By 1824, Jim Bridger and other mountain men explored the Great Salt Lake desert region. The first recorded crossing of the desert was made in 1845 by Captain John C. Fremont's survey party with scouts Kit Carson and Joe Walker. Early the next year, 23 year old Lansford Hastings retraced Fremont's train across the salt plain. Joe Walker's writings warned emigrants not to attempt the untried route, however, Hastings convinced several emigrant parties to follow him.


Despite Walker's warnings, the Donner-Reed party, seeking a shortcut to California in 1846, attempted the "Hastings' Cutoff." They failed to take enough water and lost a critical number of oxen. Four of their wagons were abandoned just 10 miles northeast of the salt flats. Time was lost, and the delay resulted in their late arrival to the Sierra Nevada Mountains and their tragic winter.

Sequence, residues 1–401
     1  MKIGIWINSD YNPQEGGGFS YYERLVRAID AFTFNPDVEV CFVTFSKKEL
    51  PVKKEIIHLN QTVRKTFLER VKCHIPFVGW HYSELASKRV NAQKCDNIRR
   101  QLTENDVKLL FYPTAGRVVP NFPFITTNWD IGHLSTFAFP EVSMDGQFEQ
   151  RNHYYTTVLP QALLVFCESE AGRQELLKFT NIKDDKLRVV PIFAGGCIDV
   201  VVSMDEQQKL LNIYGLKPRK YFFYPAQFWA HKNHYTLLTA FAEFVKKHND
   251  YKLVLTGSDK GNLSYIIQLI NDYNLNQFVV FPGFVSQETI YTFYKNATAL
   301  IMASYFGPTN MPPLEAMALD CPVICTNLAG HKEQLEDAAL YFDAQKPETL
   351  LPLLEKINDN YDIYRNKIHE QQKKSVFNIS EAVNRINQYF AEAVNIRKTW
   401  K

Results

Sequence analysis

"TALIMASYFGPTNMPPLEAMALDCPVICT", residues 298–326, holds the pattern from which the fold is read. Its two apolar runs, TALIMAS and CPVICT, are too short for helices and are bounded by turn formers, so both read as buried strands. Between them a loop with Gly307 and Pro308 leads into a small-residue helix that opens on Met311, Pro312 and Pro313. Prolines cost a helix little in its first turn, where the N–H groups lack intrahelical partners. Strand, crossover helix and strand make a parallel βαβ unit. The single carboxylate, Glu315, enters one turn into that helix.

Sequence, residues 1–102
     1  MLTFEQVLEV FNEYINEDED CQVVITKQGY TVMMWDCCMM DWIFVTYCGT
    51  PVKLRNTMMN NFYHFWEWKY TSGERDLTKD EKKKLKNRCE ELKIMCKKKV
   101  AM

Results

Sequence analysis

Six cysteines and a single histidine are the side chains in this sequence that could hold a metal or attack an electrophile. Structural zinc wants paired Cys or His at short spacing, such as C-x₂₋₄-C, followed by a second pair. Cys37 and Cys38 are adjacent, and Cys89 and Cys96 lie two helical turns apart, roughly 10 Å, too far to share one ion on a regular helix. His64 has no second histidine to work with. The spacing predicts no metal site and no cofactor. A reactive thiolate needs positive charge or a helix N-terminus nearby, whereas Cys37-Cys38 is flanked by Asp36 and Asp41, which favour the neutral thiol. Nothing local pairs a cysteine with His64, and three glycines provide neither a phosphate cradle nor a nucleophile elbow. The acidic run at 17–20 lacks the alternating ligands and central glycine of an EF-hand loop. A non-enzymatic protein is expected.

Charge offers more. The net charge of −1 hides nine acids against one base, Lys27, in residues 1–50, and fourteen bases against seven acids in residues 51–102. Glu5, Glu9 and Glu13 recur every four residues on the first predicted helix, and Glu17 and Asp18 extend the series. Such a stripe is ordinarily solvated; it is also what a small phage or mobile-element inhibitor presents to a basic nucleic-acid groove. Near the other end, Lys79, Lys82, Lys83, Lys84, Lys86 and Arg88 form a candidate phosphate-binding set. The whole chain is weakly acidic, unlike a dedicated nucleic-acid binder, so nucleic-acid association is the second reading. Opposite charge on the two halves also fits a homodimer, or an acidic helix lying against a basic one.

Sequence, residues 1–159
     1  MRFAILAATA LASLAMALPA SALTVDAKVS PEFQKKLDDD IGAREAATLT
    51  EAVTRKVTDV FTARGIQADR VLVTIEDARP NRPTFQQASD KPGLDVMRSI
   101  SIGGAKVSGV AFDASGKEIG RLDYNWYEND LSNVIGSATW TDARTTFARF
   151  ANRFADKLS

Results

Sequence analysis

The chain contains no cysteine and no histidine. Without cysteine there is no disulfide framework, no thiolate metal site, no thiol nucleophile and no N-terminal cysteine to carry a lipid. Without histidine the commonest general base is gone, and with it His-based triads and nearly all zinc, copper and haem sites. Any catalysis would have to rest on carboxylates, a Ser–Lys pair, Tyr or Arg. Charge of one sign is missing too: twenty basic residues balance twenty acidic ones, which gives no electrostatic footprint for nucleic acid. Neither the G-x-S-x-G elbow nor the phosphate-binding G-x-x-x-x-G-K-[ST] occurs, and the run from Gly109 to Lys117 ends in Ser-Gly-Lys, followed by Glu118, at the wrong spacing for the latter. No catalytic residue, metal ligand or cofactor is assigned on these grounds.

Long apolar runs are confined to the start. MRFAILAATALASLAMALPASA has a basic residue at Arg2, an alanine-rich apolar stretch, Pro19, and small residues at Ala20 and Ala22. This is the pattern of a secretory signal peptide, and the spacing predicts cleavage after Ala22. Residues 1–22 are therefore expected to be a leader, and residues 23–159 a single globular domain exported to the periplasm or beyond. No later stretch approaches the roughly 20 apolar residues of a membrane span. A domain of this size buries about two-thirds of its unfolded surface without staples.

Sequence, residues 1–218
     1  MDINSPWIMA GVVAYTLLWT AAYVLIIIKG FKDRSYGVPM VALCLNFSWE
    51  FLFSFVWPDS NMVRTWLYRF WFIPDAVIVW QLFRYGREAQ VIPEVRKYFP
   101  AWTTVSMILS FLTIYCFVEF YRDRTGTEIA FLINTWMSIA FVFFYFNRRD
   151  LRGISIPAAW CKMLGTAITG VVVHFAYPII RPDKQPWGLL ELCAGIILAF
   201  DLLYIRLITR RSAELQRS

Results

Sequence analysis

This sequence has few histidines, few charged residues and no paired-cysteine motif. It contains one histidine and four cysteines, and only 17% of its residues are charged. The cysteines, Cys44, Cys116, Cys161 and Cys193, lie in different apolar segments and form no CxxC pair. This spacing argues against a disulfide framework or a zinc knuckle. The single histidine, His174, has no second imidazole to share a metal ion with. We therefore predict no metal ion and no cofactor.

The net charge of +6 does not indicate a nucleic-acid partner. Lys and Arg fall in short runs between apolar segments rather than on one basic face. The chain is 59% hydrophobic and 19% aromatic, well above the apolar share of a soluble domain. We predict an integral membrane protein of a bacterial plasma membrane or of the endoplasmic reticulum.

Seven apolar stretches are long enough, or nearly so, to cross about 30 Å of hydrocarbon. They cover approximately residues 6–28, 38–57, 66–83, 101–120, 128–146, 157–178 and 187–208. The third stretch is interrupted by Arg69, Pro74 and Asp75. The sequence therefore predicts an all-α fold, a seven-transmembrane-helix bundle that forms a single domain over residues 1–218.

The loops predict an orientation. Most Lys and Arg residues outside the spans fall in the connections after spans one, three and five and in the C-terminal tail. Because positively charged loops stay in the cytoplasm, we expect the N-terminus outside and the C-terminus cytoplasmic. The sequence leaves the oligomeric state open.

Late, in 1910, the first permanent crossing of the Bonneville Salt Flats was completed when the southern Pacific Railroad was built linking Salt Lake City and San Francisco.


Imagine a place so flat you seem to see the curvature of the planet, so barren not even the simplest life forms can exist. Imagine the passing thunder of strange vehicles hurtling by on a vast, dazzling white plain. This is to an alien world far from earth; it is Utah's famous Bonneville Salt Flats.

The Bonneville Salt Flats is one of the most unique natural features in Utah. Stretching over 30,000 acres, the Bonneville Salt Flats is a fragile resource administered by the Bureau of Land Management.

Thousands of visitors, commercial film makers, and of course, high-speed auto racers, make the Bonneville Salt Flats a world famous destination.